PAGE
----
On Friday September 10, the U.S. Department of Justice filed an appeal against a July 10 Houston Court ruling in which first-time Deferred Action for Childhood Arrivals (DACA) applicants were barred from applying for the program. The suspension is blocking around 80,000 new applications from young adults who were brought to the country illegally as children – all of whom may be at risk of deportation.
Those already holding DACA are not affected by the ruling from Judge Andrew Hanen, but it has affected those wishing to renew – with the court ruling causing a backlog of renewal applications and leaving many without valid work permits.
To be eligible for the DACA, first brought in by Obama in 2012, applicants must have been under age 31 as of June, 15, 2012; have been brought to the United States before their 16th birthday; have continuously lived in the country since June 15, 2007; and be enrolled in school, have graduated or have obtained a general education development (GED) diploma. Currently, this would mean the the oldest DACA recipients are 40 and the youngest are 16.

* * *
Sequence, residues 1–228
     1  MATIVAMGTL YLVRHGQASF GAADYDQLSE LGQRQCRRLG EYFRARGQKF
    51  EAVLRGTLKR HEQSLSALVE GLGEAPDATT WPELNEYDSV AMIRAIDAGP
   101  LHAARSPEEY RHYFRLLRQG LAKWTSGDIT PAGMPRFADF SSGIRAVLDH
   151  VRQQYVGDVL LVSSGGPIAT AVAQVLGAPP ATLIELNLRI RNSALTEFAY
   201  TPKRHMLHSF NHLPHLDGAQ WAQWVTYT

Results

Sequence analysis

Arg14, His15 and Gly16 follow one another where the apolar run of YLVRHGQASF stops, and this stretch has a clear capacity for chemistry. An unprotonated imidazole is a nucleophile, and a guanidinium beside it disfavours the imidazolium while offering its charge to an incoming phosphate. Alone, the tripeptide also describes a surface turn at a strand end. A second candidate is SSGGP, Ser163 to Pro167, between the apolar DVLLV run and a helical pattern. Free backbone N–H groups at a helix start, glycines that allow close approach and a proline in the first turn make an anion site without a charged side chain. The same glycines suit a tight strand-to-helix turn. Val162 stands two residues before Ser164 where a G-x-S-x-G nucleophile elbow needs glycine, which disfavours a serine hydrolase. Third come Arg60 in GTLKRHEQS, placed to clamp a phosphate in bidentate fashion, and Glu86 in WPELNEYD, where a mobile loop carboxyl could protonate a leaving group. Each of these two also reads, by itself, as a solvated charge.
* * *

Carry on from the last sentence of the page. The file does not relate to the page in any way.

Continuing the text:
DACA offers protection from deportation and work permits to undocumented immigrants who entered the United States illegally as children.
The case will be heard by the Fifth Circuit Court of Appeals, which previously upheld a 2015 decision, also from Judge Hanen, blocking Obama-era protections for undocumented immigrants whose children are U.S. citizens.
Since the DACA program wasn’t authorized by Congress but instead by executive order, Hanen argued in his original ruling that it was unlawful. Biden has since renewed calls for Congress to provide a path to citizenship for DACA enrollees. The program has weathered legal challenges in the past, notably from former President Donald Trump’s administration, whose attempt to end the program was blocked by the Supreme Court.
© Margaret W. Wong & Associates 2021. The above text is for informational purposes only and is not legal advice.